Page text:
“My starter would be half a dozen oysters served to me at Rules, London’s oldest restaurant. They don’t need to be fancy natives. Rocks will do. What matters is the theatre: the spindle frame for the platter, the muslin-wrapped lemon, the bottle of Tabasco looking more medicinal than gastronomic. I first ate oysters here with my mother, when I was 10 years old and understood it as an introduction to the adult world. Each oyster slurped off the half shell would be an act of remembrance.”
“My main course would be a steak, cooked for me by the brilliant self-taught chef and master of live fire cookery Victor Arguinzoniz, at his restaurant Etxebarri tucked away in the wooded Basque hills not far from San Sebastian. I ate the original in 2009 and went down to the kitchen afterwards to ask what extraordinary and rare breed of cattle had supplied this steak. He told me, ‘Is 12-year-old Galician ex-milker.’ It was the first and best time I had eaten something from a retired dairy cow. I would want to recapture that moment.”
“Dessert would be a Mont Blanc, that virtuous interplay of meringue, whipped cream and chestnut purée punched up with Armagnac, but it must be served to me by the British chef Henry Harris at his now closed restaurant Racine. Henry makes the best Mont Blanc I have ever eaten, and in my pursuit of my last meal on earth, I ate them all over the planet.”
“The drink would be a liqueur glass filled with advocaat and a depth charge of cherry brandy, the red swirling out from the yellow of the boozy custard. It’s a terrible drink, but it’s the first booze I ever drank, when I was nine years old, courtesy of my mother who felt I should be introduced to alcohol early. She had once been a nurse and therefore called it ‘blood and pus.’ That added to the frisson.”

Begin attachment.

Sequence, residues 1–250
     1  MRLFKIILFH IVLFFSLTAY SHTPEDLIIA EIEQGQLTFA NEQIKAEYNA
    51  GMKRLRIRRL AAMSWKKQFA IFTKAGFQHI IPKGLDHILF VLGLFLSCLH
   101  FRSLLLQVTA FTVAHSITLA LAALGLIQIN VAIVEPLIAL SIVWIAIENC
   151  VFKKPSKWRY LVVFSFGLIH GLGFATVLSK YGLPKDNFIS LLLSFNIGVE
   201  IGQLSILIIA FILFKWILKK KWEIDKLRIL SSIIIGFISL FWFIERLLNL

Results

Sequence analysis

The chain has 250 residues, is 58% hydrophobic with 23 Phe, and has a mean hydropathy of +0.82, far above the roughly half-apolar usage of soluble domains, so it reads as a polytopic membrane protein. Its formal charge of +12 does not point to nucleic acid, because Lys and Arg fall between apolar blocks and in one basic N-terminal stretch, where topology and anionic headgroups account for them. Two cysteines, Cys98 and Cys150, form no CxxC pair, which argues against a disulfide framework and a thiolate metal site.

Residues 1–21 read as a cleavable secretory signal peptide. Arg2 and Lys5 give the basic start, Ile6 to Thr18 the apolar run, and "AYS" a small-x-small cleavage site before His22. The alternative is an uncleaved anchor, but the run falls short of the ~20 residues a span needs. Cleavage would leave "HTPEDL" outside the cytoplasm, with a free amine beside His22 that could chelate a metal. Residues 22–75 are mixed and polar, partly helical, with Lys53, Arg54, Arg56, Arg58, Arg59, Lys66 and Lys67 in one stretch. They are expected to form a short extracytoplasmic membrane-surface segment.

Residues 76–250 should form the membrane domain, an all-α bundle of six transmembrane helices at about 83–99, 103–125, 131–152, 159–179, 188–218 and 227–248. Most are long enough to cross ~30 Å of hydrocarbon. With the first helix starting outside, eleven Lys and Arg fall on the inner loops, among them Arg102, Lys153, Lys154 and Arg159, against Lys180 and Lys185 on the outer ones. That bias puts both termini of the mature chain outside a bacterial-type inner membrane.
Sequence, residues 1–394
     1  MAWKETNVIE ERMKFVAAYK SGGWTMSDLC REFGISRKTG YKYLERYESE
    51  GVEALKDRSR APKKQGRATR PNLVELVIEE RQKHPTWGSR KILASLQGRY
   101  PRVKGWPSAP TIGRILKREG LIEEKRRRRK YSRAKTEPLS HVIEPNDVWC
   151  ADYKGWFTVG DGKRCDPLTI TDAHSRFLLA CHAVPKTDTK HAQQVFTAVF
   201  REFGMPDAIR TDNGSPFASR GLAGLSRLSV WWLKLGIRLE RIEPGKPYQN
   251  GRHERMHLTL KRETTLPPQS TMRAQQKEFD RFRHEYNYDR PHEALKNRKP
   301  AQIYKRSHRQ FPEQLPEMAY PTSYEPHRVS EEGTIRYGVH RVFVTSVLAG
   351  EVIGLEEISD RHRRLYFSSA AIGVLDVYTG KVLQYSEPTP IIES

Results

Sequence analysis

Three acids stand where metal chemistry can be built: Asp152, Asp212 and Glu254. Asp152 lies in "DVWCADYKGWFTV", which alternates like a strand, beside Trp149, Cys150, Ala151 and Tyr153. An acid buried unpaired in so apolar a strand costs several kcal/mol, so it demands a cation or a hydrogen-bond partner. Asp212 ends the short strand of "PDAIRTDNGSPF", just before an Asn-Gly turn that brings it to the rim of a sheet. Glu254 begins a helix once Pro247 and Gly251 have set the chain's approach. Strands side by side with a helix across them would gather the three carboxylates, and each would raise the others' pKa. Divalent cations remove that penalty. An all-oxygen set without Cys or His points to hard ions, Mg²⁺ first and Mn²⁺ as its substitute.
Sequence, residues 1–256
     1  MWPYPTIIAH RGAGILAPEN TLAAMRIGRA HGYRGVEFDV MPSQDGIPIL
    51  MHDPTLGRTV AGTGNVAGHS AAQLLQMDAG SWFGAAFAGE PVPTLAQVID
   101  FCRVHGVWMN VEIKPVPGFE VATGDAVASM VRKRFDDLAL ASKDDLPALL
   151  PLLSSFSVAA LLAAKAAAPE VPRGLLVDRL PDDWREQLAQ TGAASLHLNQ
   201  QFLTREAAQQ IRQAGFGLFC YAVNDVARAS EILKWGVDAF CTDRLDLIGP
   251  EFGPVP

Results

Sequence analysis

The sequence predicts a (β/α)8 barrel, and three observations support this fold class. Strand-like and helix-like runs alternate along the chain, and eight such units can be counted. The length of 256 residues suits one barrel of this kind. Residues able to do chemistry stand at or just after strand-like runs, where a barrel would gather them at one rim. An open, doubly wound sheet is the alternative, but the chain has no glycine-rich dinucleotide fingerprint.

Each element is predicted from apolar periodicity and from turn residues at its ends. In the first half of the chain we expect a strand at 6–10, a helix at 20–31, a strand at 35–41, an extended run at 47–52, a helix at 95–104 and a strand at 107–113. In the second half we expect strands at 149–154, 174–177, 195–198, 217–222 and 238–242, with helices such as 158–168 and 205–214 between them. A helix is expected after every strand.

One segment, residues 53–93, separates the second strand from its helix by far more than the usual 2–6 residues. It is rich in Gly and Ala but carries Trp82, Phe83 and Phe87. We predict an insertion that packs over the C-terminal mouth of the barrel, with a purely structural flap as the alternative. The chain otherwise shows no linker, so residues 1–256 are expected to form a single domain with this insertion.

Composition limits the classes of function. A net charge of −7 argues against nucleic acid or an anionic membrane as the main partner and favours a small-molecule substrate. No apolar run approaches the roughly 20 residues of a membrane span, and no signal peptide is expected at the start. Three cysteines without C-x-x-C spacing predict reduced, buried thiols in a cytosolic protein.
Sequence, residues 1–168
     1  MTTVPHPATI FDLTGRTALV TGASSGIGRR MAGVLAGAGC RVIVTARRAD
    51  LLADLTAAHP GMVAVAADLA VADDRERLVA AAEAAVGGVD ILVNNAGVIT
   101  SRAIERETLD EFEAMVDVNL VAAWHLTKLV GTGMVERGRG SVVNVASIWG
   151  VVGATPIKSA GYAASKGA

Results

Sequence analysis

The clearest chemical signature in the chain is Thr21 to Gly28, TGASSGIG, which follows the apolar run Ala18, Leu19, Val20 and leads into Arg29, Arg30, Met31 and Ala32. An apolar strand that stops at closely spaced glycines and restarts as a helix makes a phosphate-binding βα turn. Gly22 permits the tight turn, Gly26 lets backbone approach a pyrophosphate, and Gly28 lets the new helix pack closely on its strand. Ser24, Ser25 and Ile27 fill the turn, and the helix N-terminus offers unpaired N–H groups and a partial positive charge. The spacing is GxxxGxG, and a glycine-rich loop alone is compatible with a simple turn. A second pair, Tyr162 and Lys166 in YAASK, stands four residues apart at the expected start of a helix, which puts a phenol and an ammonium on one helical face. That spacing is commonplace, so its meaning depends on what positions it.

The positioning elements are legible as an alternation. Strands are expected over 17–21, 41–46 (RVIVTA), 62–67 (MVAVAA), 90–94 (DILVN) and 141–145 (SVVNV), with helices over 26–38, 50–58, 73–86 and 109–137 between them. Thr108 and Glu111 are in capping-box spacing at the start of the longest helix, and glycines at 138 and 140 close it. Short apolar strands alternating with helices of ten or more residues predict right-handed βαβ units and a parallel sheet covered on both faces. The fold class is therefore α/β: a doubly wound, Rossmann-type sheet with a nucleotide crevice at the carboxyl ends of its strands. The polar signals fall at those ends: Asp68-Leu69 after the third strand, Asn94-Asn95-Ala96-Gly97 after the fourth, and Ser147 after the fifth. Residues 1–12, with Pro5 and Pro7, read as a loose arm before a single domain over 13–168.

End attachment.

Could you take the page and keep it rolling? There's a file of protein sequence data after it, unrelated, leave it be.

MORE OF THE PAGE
With a slew of Michelin Stars, James Beard Awards and other assorted accolades to their credit, restaurateur Guidara and his partner chef Daniel Humm co-founded and preside over the hospitality group Make It Nice, which includes New York’s legendary Eleven Madison Park as well as NoMad restaurants in New York, Los Angeles and Las Vegas and the healthy fast-casual concept Made Nice. Additionally, they’ve co-authored four cookbooks inspired by their restaurants and the city of New York. Recently, the pair announced they would be ending their partnership, with Guidara going on to create a new hospitality company. And while this does indeed mark the end of what Eater called “one of the most impactful partnerships in modern restaurant history,” we’re excited to see what comes next.
Double Double animal-style from In-N-Out with a Coca Cola. Literally, truly, my happy place. Every time I touch down in L.A. or Vegas it’s my first stop, so it’s only fitting that it would be one of my last bites of food before crossing over to the other side. And yes, I know that’s a FILTHY choice for the appetizer, but so be it.
“My mom passed away a long time ago, but to this day I remember the pasta she’d make. It was old-school — she’d make the sauce once every few months, put a ton of it in the basement freezer (all good Italian Americans have a basement freezer) and we’d slowly consume it until it was time to make more. I remember it included red wine and tomato paste and Italian sweet sausage and tons of other stuff. We’d eat it with prosciutto tortellini that we’d buy at Balducci’s in the village. It was perfect.
On the side, a small sausage pizza from Grimaldi’s, with garlic powder, and a side of ranch dressing for dipping.”
The chef behind New York’s wildly popular Thai/Filipino haunt Pig & Khao, Cohen honed her craft in the kitchens of David Burke and Daniel Humm (among others) before competing on season five of Top Chef. After the show, Cohen spent a year traveling and staging in Southeast Asia, immersing herself in the techniques and flavors of the region — lessons she brought to bear at her aforementioned Lower East Side hotspot, which has earned accolades from The New York Times, New York Magazine and The Huffington Post and netted Cohen a StarChefs Rising Star Award.